Slicing and Dicing

Let us look in more details at our last query.

The corresponding facts, in JSON, are in the FactTable array. In this case, there is only one fact.

      "_id" : "633e1c7a-ef35-441e-8cc0-0431a9809f8b",
      "KeyAspects" : [
      "Aspects" : {
        "jppfs-cor:ConsolidatedOrNonConsolidatedAxis" : "jppfs-cor:NonConsolidatedMember",
        "xbrl:Period" : "2014-03-31",
        "xbrl:Entity" : " E04147-000",
        "xbrl:Concept" : "jppfs-cor:Assets",
        "xbrl:Unit" : "iso4217:JPY"
      "Type" : "NumericValue",
      "Value" : 6913416000000,
      "Decimals" : -6,
      "Concept" : {
        "Balance" : "DEBIT",
        "PeriodType" : "instant",
        "DataType" : "xbrli:monetaryItemType"

There are two fields that you are already familiar with: Aspects and Value. We are now going through the others, beginning with the KeyAspects field.

Slicer aspects, dicer aspects

The behavior of slicing and dicing in cell stores is very similar to that of slicing and dicing in OLAP warehouses, for example, with MDX. It is also very similar to the behavior of pivot tables in Excel.

In short:

  • facts are grouped along dicer dimensions.
  • facts are aggregated along slicer dimensions, to the extent that an aggregation function is specified. Also, by default, slicers are not visible in the output fact table.

Key aspects: the dicers

If you are familiar with databases (even RDBMS), key aspects are the cell store equivalent of a primary key.

If you are familiar with data warehouses (OLAP), key aspects are the cell store equivalent of a dicer.

In the example shown above, you can see in the KeyAspects field that all five aspects of this fact are dicers. These five together unambiguously identify the fact at hand, so that there is only that fact in the cell with these dimensional coordinates.

Builtin behavior for slice and dice

The default behavior of the cell store is that, in a hypercube query, the builtin aspects (concept, entity, period, unit) are dicers, and so are all additional XBRL dimensions.

Also, the builtin aspects are always implicitly part of the hypercube query. If not explicitly specified by the user, they are non-filtering dicers, that is, do not restrict the domains of these four builtin aspects.

Facts contain further aspects that were added to the facts upon import, such as:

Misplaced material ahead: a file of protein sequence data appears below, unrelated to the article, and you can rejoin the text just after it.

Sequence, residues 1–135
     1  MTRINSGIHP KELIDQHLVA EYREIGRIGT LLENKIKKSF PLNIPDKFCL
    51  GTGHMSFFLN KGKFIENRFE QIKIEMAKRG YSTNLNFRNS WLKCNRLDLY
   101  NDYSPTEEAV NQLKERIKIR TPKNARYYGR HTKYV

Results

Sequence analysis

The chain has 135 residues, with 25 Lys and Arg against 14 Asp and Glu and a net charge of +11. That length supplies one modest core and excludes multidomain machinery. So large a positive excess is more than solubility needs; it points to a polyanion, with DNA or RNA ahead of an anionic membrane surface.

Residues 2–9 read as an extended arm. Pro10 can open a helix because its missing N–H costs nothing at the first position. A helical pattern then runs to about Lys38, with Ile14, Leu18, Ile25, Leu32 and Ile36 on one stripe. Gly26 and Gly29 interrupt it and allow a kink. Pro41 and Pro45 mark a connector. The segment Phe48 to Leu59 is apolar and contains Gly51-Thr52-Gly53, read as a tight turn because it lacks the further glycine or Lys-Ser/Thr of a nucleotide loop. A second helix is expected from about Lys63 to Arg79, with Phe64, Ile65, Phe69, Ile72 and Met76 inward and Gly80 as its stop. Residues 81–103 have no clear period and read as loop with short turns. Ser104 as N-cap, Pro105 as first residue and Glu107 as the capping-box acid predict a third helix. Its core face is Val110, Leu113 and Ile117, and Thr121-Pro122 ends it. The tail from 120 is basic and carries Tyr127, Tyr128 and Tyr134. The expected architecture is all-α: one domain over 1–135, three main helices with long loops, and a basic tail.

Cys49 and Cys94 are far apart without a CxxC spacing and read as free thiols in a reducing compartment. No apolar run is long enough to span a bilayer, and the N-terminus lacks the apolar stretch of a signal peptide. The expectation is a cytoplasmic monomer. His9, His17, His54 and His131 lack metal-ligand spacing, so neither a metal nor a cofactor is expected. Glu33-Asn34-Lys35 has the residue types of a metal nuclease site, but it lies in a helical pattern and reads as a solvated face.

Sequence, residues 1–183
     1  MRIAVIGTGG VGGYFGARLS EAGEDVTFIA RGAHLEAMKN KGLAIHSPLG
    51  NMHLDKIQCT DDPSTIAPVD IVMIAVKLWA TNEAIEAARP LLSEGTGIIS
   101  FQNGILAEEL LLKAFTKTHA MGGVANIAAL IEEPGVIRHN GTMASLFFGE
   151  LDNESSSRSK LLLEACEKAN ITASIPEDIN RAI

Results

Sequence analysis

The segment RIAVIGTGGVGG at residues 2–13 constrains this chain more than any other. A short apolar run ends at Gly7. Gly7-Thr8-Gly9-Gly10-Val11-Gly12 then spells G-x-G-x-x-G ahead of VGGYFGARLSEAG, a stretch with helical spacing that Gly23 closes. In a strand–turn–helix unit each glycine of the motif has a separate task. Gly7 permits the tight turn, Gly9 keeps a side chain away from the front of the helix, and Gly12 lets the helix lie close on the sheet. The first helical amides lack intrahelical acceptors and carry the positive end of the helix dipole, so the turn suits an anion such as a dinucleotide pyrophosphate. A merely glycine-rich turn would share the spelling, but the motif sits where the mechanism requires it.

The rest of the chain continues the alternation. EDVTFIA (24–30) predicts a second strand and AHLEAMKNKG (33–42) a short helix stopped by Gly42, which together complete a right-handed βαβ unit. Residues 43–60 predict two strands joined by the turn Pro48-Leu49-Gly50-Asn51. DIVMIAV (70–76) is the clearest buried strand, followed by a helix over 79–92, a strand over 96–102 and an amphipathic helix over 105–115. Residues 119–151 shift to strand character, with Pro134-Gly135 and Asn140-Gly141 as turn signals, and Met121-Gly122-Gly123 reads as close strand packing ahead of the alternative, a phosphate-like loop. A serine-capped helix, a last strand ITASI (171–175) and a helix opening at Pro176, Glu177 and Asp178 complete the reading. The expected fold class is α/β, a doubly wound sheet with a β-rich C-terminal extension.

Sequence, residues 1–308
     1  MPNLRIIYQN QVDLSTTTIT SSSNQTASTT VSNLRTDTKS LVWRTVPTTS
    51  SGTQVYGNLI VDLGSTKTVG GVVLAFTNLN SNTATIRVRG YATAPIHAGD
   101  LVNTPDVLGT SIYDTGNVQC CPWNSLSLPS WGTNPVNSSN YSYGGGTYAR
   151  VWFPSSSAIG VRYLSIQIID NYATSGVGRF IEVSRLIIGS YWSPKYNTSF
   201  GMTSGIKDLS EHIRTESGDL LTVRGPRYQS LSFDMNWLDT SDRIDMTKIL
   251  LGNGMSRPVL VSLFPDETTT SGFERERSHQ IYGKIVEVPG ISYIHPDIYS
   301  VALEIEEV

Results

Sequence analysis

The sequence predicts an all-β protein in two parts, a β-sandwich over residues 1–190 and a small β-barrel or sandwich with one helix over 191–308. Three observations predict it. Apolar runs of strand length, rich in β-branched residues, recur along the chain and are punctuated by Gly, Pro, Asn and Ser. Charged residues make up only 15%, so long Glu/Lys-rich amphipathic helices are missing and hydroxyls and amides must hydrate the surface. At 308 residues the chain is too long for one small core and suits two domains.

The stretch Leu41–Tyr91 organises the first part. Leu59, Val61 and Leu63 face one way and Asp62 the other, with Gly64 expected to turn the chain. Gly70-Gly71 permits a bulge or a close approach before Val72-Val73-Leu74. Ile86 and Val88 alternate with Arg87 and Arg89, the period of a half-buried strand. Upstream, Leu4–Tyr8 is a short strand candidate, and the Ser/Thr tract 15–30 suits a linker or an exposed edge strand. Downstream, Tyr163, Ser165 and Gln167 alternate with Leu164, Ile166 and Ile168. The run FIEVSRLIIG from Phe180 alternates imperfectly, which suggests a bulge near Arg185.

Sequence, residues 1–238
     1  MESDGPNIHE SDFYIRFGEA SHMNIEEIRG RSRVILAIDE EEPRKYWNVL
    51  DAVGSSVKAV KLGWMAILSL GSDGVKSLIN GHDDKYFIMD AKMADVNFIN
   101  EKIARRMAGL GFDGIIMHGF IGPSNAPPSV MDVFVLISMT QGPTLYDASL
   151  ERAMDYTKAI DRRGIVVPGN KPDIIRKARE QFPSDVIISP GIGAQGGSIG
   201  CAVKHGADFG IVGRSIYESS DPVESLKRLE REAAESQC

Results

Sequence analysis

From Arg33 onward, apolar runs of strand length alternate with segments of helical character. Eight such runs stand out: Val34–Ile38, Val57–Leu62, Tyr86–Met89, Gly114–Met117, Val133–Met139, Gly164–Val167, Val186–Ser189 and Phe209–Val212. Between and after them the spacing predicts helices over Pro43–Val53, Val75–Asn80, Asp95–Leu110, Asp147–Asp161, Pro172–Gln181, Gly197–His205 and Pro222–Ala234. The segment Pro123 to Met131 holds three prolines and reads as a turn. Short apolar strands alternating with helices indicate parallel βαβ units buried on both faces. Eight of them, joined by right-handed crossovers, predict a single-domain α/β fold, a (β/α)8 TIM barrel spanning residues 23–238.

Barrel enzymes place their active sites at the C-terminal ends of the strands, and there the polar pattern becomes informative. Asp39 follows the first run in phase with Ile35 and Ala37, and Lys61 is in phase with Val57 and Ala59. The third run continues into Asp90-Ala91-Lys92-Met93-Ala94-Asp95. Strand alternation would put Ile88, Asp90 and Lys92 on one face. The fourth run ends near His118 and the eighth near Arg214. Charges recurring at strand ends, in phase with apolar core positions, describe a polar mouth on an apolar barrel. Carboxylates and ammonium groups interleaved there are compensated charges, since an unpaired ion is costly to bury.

• fiscal year and period stamps
  • the archive ID
  • a boolean stating whether the concept is an extension concept as opposed to a concept from the original taxonomy

All these further aspects are slicers by default. In particular, they will not appear by default and need to be explicitly added to the hypercube query.

In the SEC and Japan profiles, as opposed to the generic profile, some of these slicers, such as archive IDs or fiscal periods and years, are implicitly added as visible slicers for convenience.

Default values

Like in OLAP, a hypercube query implicitly contains all the XBRL dimensions it doesn't use as slicers that filter for their default value. Adding a dimension to a hypercube hence allows dicing it and looking into further values.

For the sake of experimenting, let us remove the jppfs-cor:ConsolidatedOrNonConsolidatedAxis dimension from the example above and see what happens.

The fact quoted above has disappeared: since jppfs-cor:ConsolidatedOrNonConsolidatedAxis is now missing in the hypercube, it becomes a slicer for its default value. The fact table output by the above query, contains one fact that has only has four dicers.

If you know add the dimension with, with a value of ALL, then its entire domain will appear: the default value, and its (in this case unique) member.

Key aspects scale up

The number of default dicers, or primary keys, scales up elegantly with cell stores: the number of dicers in the (unique) cell store hypercube already scales up today beyond the 10,000 threshold, as opposed to a few hundreds in an OLAP data cube, or typically just a few primary keys in a relational table.